Pleased to share our response to the recent policy paper from the UK government's Office for Artificial Intelligence entitled "Establishing a pro-innovation approach to regulating AI". We would like to thank the Office for Artificial Intelligence for their work on this incredibly important topic to date, and we are thrilled to form part of the discussion going forward.
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By way of introduction, Enzai is a new startup company incorporated in Belfast, Northern Ireland. Founded by Ryan Donnelly (a leading corporate and regulatory lawyer) and Jack Carlisle (an experienced software engineer) in August 2021, we are on a mission to ensure that powerful artificial intelligence (“AI”) technologies are used for the benefit of society as a whole in future.
We are particularly focused on protecting against the substantial risks that come with AI. Through our software platform, our customers are able to benchmark their AI systems against the gold standard of AI development practices, understand the aggregate AI governance position across their organisation and impose the necessary governance checks and balances on their systems to ensure their success. By doing this, we enable our customers to build safer, more robust systems that benefit not only the individual organisations using the technologies, but society as a whole.
We are firm believers in the power of regulation as enabling force, with the potential to drive forward innovation in the AI space. Technologies this powerful need sensible guide rails in place to ensure that future developments benefit business and society. This presents a tremendous opportunity for the United Kingdom. Given our founder’s legal background, we are acutely aware of the United Kingdom’s global reputation for its regulatory regimes and rule of law. We firmly believe that the United Kingdom is uniquely placed to attract substantial talent and investment in the AI space with an intelligent regulatory framework. In order to maximise this opportunity, any regulatory framework should take account of the following principles. It should be: (1) targeted, so that the regulation has the greatest impact with the least amount of intervention; (2) context-driven, taking account of the unique circumstances of the technology and the domain(s) it is applied to; and (3) clear, so that market participants can have certainty around what is expected of them.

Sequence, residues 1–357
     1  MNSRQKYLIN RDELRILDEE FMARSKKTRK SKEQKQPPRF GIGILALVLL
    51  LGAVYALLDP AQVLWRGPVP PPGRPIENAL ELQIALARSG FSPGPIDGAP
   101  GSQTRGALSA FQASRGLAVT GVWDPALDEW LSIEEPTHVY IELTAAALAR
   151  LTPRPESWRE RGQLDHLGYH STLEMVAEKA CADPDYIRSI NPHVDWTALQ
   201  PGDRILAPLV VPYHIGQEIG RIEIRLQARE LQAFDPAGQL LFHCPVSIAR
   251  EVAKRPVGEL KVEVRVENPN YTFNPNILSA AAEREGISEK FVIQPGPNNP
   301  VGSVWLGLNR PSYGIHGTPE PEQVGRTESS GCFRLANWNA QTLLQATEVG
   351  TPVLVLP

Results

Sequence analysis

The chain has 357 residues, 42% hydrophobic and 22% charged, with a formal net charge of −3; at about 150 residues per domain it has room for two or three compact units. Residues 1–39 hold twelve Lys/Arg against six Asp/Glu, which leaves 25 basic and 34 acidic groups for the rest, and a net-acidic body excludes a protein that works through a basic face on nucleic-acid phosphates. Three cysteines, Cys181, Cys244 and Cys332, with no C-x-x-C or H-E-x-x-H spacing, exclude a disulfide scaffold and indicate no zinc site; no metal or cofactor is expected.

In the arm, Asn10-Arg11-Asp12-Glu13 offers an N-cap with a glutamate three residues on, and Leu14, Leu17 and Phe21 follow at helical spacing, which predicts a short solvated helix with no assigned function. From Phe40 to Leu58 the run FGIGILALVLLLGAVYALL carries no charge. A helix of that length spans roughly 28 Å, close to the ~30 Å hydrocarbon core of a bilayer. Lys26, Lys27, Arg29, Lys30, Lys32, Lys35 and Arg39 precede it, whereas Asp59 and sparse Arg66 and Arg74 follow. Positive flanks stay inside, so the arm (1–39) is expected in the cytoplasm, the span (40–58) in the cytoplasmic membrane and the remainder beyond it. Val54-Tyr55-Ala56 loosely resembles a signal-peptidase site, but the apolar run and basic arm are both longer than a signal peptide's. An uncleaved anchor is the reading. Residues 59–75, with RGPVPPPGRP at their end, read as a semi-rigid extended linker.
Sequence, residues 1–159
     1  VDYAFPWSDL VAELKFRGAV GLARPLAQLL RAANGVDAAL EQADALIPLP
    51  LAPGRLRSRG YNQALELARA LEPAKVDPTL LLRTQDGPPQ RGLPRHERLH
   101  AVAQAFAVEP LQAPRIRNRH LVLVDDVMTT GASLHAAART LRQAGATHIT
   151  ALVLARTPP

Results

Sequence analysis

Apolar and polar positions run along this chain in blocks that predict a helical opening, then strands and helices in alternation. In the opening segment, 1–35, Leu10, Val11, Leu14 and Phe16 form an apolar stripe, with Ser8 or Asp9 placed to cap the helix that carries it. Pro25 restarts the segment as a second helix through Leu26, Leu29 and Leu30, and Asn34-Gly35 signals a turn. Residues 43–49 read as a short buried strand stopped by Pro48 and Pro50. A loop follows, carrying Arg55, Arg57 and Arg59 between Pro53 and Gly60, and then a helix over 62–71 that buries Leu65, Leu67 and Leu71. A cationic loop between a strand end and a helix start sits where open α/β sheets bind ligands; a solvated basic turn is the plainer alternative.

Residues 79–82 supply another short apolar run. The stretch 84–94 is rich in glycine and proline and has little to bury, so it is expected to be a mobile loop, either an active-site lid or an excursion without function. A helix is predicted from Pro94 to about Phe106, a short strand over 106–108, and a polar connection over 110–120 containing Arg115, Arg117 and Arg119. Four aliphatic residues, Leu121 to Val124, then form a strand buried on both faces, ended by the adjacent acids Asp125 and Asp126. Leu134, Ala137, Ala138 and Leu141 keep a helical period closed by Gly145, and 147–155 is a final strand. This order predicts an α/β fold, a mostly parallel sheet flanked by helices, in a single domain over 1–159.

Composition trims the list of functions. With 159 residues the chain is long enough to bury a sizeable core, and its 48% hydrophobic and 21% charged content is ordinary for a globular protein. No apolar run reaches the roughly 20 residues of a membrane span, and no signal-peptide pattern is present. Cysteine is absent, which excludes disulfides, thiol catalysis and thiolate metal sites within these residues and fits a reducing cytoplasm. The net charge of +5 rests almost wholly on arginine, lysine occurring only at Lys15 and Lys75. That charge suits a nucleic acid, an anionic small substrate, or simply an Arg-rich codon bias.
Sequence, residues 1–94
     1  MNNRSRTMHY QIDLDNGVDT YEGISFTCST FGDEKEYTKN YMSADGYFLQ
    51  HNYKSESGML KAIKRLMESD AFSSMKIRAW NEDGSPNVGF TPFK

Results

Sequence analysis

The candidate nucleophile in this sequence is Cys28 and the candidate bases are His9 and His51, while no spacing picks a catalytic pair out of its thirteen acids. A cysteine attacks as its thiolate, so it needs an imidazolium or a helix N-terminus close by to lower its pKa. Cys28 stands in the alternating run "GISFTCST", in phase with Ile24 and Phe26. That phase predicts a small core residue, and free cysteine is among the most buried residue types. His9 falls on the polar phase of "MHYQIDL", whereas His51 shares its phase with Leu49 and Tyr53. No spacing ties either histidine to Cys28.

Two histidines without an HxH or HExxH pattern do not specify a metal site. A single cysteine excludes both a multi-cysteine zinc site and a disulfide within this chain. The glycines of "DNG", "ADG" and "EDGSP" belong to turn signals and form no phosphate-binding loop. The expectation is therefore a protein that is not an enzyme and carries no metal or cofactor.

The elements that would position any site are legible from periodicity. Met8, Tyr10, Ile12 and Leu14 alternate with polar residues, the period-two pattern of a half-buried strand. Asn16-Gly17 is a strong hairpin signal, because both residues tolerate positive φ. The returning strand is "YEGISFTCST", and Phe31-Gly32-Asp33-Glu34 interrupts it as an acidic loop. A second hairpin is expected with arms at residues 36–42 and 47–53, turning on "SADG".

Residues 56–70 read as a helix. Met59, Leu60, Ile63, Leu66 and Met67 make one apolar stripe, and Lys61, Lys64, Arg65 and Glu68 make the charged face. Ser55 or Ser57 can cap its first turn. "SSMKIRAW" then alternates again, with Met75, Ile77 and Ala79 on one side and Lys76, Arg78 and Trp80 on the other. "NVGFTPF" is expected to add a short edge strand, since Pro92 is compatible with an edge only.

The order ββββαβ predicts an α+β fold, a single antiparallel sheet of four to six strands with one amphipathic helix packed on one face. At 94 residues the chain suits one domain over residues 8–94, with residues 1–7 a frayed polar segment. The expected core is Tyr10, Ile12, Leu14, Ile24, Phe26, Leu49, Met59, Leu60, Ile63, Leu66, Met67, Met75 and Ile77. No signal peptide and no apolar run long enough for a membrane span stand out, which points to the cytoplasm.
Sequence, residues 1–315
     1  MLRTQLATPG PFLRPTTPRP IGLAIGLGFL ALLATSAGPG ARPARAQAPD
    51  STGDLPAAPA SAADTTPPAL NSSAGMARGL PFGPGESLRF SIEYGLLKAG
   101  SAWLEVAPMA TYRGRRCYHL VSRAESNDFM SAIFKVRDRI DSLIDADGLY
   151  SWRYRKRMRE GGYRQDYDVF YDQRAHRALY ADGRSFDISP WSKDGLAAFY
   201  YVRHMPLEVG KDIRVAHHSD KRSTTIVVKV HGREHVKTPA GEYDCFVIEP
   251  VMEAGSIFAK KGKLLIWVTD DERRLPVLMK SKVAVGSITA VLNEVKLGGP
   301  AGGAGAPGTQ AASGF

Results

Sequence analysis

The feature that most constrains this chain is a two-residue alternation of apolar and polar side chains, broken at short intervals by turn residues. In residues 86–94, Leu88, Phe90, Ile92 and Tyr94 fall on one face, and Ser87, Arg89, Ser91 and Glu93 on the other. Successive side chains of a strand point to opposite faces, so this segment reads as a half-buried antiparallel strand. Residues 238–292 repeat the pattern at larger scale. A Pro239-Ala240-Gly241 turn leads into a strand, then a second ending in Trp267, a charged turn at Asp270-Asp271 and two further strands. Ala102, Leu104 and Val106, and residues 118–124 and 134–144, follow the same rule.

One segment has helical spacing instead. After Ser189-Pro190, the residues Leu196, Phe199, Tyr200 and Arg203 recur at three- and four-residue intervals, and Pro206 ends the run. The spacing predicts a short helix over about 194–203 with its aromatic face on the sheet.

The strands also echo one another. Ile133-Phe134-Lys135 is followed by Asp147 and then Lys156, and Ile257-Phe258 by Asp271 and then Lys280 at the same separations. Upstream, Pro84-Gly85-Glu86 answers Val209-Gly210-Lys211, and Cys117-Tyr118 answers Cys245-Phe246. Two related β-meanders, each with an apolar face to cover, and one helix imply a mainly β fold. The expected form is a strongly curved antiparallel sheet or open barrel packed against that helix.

To this end, we welcome the proposals put forward in this Policy Paper as an important step towards establishing the United Kingdom as a pro-innovation AI jurisdiction. We are pleased to present our responses to the individual questions raised in the Policy Paper below.
As a general comment, the risk-based approach set out in the Policy Paper is a sensible starting point for this proposal – we would stress the need to ensure that any regulatory intervention conforms with the principles set out above.
We note the government’s desire to regulate the use of AI, rather than the AI itself. It is our view that focusing solely on the downstream impacts of AI around its use is too simplistic. The regulatory framework should be holistic, taking account of all aspects of the AI lifecycle, to ensure that the systems are safe and robust. A failure to provide sensible guide rails on other aspects of the development lifecycle (such as the upstream tasks of dataset curation and preparation, and the midstream tasks of modelling, training, testing and evaluating) leaves substantial room for ambiguity and confusion. Imposing reasonable expectations on market participants throughout the development lifecycle, for systems that have high-risk impact potential, would be a welcome addition to the approach. This could take the form of requiring a level of technical documentation and the creation of a risk management system for these forms of AI, and the software platform we are building would greatly help ease any administrative burden these requirements could be perceived to place on market participants.